The Forgiveness Principle

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I will give you the keys of the kingdom of heaven, and whatever you bind on earth shall be bound in heaven, and whatever you loose on earth shall be loosed in heaven” (Matthew 16:19).

Peter once asked Jesus how many times a person should forgive someone who had sinned against them. Seven times? Jesus said, seven times seventy. It’s important that we become completely free of the actions of another. Why? The answer is found in the above passage: What we bind on earth, is bound in heaven. In other words, our fixed state of mind has a corresponding influence on the way our life unfolds.

How do we loose an offender that we feel has damaged us in some way? How do we forgive? We start with the realization that they have no power to diminish us. Our negative response toward them is the only thing that hurts us. Forgiveness is taking back the power we have given them.

Forgiveness has nothing to do with condoning or overlooking the bad behavior of another. To forgive someone does not mean you have to throw your arms around them. It means that you see yourself in a new light. Despite their intention, you are still whole, completely unscathed by anything they have said or done. Free yourself of the notion that they have taken something from you, for they can only take what you are willing to give. Again, what you bind on the earth of your own thinking will have a corresponding influence somewhere in your life.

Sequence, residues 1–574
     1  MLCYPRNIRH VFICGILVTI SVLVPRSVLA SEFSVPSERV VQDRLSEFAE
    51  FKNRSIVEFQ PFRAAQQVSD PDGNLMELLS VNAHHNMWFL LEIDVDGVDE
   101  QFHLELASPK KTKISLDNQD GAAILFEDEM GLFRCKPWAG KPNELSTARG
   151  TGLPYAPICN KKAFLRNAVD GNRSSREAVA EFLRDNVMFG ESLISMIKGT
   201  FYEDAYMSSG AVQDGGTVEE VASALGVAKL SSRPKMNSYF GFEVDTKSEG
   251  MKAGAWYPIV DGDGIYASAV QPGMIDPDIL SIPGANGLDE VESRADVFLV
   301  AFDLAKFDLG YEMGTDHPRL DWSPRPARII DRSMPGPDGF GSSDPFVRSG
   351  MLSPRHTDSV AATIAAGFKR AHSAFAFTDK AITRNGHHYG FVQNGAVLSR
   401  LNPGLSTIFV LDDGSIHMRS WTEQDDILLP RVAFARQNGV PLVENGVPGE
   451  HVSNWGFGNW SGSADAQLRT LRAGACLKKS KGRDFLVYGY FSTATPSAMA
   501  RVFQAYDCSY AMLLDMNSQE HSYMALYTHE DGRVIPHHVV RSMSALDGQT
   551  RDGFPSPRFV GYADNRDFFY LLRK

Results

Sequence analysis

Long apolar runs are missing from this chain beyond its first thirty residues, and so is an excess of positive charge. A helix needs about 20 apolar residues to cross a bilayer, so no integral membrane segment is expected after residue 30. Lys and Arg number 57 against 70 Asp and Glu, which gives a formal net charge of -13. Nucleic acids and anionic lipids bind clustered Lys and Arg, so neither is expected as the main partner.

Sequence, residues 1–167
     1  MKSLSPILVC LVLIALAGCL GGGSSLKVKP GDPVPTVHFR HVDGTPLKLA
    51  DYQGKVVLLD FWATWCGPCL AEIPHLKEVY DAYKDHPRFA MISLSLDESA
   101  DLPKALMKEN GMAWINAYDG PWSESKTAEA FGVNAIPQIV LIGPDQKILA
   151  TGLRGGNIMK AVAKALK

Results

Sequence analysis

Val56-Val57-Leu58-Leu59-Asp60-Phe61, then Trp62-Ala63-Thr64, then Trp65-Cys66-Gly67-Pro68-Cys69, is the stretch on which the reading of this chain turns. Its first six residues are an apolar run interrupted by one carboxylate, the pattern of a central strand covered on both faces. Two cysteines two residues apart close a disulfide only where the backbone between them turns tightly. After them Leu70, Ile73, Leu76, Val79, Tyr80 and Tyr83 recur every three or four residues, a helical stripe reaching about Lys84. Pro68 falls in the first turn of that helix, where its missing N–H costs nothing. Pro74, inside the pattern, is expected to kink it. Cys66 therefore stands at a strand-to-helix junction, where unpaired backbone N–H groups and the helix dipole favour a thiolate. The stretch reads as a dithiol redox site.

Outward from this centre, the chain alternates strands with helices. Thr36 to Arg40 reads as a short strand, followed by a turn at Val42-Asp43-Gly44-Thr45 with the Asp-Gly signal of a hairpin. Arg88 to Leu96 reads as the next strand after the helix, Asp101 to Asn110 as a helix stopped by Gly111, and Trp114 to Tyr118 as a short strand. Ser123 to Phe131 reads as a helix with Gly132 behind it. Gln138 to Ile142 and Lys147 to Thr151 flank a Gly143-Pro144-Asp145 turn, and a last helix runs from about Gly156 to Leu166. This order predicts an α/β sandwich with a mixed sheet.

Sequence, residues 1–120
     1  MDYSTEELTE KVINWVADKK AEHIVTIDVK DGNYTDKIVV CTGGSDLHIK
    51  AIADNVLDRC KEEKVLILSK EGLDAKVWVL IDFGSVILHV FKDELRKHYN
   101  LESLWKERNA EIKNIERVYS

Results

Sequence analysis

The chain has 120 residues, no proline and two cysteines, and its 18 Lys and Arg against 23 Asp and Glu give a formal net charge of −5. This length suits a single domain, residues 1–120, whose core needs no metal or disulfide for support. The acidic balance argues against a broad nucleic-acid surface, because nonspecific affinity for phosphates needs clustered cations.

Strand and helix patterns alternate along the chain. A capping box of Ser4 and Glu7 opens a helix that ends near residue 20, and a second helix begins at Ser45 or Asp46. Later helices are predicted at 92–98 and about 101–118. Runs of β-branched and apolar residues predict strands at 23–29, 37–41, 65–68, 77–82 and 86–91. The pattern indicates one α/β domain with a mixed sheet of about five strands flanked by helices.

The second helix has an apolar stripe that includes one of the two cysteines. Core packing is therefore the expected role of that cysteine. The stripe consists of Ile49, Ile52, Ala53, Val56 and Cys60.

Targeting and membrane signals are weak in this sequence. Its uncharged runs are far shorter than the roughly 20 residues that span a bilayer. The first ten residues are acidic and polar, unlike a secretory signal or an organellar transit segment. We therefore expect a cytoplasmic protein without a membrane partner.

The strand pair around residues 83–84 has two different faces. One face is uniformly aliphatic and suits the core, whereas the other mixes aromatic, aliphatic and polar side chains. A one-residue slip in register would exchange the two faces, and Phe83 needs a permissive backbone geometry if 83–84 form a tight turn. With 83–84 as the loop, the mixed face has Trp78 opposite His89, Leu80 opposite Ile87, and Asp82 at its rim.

When Joseph’s brothers sold him into slavery, he acknowledged that they meant evil toward him. But he was able to rise above their intentions by focusing on the greater good that ultimately came about for him. Though we would likely think he was justified in doing so, he did not allow their negative actions to diminish him. He did not bind himself to their low intentions with resentment.

If you are struggling with negative feelings around the actions of another, know the ball of forgiveness is always in your court. Loose them and let them go. In doing so, you are freeing yourself.

2 thoughts on “The Forgiveness Principle

  1. An important aspect of forgiveness which we also need to deal with is self-forgiveness. The unloving deeds we do that we carry with us can also stifle individual growth and well-being unless and until we can forgive ourselves (i.e. ‘forgive us our debts as we forgive our debtors’). The Acts of Examination and Contrition which Catholics undergo before confession is important in this regard, for sometimes what is burdening our souls is something we’ve done that perhaps resulted in someone else retaliating in unforeseen ways that wound us deeply. To say a few Hail Mary’s or some other such atoning act may seem trite, but the releasing of unending self-condemnation is quite freeing. The ultimate act of forgiveness is sometimes saying ‘I was wrong and I’m sorry.’

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